As the cities in Iraq fell, one by one, to extremists in the past week, it’s hard not to imagine what must be going on in the minds of the American men and women who fought to take those cities over from extremists just a few years ago.

Thousands of lives lost, tens of thousands injured and billions of dollars were spent to rid Iraq of Saddam Hussein and extremists who want to harm America.

The results, while promising at times, now seem to be at an all time low.

We were led to believe that a free Iraq — a democratic Iraq — would blossom into a beacon of hope in the region; a shining example that other Middle Eastern countries could follow and bring peace to a part of the world where war is the norm.

It seemed a noble cause, but it’s just not working the way our nation’s leaders hoped it would when the U.S. invaded Iraq in 2003.

Now, President Barack Obama is being tasked with coming up with a new strategy against the extremists.

In an Associated Press story Tuesday, Sen. Mitch McConnell of Kentucky said the administration must act quickly to provide the Iraqi government with assistance before “every gain made by the U.S. and allied troops is lost.”

The Islamic State in Iraq and the Levant has conquered several cities in Syria and Iraq. The administration is sending almost 300 American forces in and around Iraq to help secure U.S. assets, according to the AP. Obama is considering airstrikes and other options.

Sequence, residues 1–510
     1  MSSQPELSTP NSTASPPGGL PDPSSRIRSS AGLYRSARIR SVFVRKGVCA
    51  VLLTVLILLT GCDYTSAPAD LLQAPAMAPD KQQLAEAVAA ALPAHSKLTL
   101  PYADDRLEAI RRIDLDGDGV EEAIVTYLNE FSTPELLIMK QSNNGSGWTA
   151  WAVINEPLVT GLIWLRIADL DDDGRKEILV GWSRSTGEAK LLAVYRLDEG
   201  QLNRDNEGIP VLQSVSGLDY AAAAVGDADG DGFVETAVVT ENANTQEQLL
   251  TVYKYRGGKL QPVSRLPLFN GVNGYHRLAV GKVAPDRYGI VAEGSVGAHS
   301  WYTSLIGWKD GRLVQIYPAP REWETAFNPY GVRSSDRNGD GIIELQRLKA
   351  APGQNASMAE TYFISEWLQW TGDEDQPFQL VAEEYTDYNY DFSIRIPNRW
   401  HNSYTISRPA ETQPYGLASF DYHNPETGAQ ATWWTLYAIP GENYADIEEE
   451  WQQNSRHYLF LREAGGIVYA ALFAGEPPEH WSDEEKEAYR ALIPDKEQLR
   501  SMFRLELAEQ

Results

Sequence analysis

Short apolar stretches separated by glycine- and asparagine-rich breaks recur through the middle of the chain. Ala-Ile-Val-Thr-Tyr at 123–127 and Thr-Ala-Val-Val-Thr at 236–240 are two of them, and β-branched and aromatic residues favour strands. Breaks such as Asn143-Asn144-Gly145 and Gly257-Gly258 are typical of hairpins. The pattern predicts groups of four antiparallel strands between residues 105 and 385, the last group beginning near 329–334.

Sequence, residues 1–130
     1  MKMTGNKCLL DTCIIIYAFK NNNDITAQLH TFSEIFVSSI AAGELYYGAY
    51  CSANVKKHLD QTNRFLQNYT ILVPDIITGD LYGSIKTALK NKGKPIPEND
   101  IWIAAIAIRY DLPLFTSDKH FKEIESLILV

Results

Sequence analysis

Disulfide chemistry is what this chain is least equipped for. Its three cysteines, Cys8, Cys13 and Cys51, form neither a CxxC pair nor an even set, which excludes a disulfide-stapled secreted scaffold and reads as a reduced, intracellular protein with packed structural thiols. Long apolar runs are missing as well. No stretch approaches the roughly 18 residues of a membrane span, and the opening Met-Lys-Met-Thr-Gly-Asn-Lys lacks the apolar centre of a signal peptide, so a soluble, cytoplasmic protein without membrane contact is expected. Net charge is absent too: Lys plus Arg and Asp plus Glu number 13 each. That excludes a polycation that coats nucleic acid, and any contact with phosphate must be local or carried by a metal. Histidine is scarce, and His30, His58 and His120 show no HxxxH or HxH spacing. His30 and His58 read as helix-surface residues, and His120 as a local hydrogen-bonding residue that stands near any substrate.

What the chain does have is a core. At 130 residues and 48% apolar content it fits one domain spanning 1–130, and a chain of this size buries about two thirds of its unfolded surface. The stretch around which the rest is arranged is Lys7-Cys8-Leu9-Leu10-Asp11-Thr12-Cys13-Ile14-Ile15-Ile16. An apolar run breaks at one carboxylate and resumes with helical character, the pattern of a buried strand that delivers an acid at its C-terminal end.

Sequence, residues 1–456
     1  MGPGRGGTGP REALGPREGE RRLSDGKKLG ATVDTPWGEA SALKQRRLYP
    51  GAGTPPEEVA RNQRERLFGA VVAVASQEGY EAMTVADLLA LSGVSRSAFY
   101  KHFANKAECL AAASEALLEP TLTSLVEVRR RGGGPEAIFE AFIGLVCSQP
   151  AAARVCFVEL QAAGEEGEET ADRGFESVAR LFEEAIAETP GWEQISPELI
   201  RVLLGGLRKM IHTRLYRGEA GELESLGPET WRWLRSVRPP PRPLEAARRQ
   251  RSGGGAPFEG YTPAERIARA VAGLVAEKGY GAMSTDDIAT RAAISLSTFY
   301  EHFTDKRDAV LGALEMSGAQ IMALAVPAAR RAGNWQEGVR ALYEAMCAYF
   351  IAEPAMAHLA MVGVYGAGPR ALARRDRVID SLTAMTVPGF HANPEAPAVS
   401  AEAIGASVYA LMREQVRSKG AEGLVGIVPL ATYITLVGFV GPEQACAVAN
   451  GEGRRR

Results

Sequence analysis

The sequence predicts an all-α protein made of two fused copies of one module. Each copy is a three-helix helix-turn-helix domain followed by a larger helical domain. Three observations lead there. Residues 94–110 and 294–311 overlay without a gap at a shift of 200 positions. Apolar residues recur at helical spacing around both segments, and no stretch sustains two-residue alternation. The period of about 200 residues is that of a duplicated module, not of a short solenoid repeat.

The issues are complex. The answers are not easy.

Do we intervene in the conflict? Do we hang back? Do we let them kill each other?

What’s best for the future? What’s best for America?

One thing is certain, though.

The whole mess is a damn shame.

All the sacrifice from our military and all the efforts to improve Iraq have amounted to a country awash in war and a danger to the region and world.

I guess there is a glimmer of hope, though. Perhaps our efforts there did plant enough seeds to defeat this most recent foe — ISIL. Perhaps the Iraqi government and its military, built by the U.S., can overcome ISIL with the training and equipment we gave them.

Our soldiers who fought there deserve that much from the Iraqis.

Jacob Brooks, a former Army tanker, is the Killeen Daily Herald’s city editor. Contact him at or 254-501-7468.

Contact Jacob Brooks or (254) 501-7468

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